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EdmundBurke23
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Re: Question about Reading Comprehension Bible

Postby EdmundBurke23 » Sat Feb 20, 2010 10:57 pm

Thank you for offering help.

I don't know of any specific type of passage that gives me the hiccups. I think it has more to do with my innate strengths and weaknesses.

I actually majored in Philosophy back in undergrad, so reading a lot of dense material occupied a significant portion of my studies. Yet I found myself pressed by the time constraints of the test. I can render a strong assessment of long passages fairly well if I'm given a lot of time; and time is what a lot of philosophy majors are given when being assigned papers on some piece of literature covering esoteric material. In addition English is actually my second language; I may appear to be well-spoken and perhaps even better than some native speakers, I can still identify occasional quirks in my English. There is a clear reflection of this in my ability to read LSAT passages; since there are certain idioms, forms of expression, or even random words, that I'm unable to identify. Instead of focusing on the undersanding the relative implications of each sentence, I'm oftentimes distracted by these formidable obstacles...

I'm trying to use the RCB as a way to gain familiarity with the kind of question types and what not... hopefully it'll enhance my speed... Any thoughts on what I've said so far?? I know I've failed to address matters in a direct kind of way, but I hope I've offered enough information...

Thanks!

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autarkh
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Re: Question about Reading Comprehension Bible

Postby autarkh » Sat Feb 20, 2010 11:25 pm

EdmundBurke23 wrote:Thank you for offering help.

I don't know of any specific type of passage that gives me the hiccups. I think it has more to do with my innate strengths and weaknesses.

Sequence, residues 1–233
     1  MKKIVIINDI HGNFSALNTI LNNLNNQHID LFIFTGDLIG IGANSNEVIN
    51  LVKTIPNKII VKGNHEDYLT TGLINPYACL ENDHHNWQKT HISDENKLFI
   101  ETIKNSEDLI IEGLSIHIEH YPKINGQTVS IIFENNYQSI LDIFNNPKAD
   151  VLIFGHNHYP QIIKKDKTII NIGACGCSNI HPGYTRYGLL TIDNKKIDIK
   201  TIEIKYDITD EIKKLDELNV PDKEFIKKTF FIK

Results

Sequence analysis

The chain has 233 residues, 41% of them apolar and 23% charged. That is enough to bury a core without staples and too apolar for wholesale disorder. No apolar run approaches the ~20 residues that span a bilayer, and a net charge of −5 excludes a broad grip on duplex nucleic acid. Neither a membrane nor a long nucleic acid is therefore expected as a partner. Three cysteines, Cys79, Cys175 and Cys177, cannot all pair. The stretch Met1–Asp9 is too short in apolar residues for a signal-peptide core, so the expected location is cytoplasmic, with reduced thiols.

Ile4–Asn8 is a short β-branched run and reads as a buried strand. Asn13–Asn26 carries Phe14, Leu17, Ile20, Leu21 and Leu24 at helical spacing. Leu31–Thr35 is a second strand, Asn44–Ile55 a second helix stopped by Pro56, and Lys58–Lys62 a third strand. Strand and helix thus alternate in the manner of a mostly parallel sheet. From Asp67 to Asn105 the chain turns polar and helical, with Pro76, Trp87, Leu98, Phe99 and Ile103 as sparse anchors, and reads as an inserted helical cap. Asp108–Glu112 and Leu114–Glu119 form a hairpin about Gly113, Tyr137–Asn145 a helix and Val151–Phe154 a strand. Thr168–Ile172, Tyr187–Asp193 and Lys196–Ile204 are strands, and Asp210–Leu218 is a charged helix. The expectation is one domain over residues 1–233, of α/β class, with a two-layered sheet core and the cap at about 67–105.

I actually majored in Philosophy back in undergrad, so reading a lot of dense material occupied a significant portion of my studies. Yet I found myself pressed by the time constraints of the test. I can render a strong assessment of long passages fairly well if I'm given a lot of time; and time is what a lot of philosophy majors are given when being assigned papers on some piece of literature covering esoteric material. In addition English is actually my second language; I may appear to be well-spoken and perhaps even better than some native speakers, I can still identify occasional quirks in my English. There is a clear reflection of this in my ability to read LSAT passages; since there are certain idioms, forms of expression, or even random words, that I'm unable to identify. Instead of focusing on the undersanding the relative implications of each sentence, I'm oftentimes distracted by these formidable obstacles...

I'm trying to use the RCB as a way to gain familiarity with the kind of question types and what not... hopefully it'll enhance my speed... Any thoughts on what I've said so far?? I know I've failed to address matters in a direct kind of way, but I hope I've offered enough information...

Thanks!


Almost always in RC, you're asked questions that test your understanding of the argument's structure and the points of view expressed. As such, your starting point should always be: 1) who is speaking? 2) what point of view are they advocating? 3) are there other points of view? 4) if so, what is the primary speaker's stance toward these points of view?

Next, you want to pay particular attention to rhetorical devices and words that indicate the author's attitude: how does the author go about making the point? Does he make a primary claim and lay out a sequence of interconnected facts to support it? Does he, instead, use a more parallel technique, giving independent reasons for accepting the claim? Notice questions the author may ask, and the answers given. Also, identify causal relationships, and any terms the passage defines. In general, as you are reading, you should be trying to construct a mental model of the argument.